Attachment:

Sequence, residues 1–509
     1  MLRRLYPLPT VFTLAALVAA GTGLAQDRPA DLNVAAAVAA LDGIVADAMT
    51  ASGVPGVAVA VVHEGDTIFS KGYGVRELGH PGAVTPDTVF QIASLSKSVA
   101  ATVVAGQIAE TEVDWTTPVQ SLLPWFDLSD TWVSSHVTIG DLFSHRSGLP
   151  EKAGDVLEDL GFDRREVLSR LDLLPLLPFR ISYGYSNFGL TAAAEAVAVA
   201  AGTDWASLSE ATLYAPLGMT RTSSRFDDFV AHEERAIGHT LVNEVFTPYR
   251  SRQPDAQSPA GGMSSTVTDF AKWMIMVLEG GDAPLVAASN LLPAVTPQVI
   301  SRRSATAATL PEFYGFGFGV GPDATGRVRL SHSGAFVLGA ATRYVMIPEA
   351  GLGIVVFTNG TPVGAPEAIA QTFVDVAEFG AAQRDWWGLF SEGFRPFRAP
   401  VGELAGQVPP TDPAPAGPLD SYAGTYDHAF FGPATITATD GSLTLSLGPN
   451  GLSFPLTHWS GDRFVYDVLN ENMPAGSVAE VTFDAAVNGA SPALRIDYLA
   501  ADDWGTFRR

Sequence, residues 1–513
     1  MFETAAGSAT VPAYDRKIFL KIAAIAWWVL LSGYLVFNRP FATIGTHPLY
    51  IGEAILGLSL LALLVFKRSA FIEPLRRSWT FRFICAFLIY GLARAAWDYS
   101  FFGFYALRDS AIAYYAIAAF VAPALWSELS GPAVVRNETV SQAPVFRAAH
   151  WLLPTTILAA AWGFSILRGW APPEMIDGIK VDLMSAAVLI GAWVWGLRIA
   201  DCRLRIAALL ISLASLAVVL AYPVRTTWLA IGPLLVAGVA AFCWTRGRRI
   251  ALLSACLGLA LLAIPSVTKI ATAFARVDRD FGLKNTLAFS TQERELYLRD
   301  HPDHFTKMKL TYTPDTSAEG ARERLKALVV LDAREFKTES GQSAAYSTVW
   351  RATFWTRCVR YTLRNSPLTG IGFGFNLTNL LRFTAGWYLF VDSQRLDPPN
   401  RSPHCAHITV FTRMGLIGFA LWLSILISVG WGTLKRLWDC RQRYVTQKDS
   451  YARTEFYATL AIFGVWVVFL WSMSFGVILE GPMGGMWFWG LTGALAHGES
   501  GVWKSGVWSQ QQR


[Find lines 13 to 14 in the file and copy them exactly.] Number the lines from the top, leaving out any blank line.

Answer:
Sequence, residues 1–513
     1  MFETAAGSAT VPAYDRKIFL KIAAIAWWVL LSGYLVFNRP FATIGTHPLY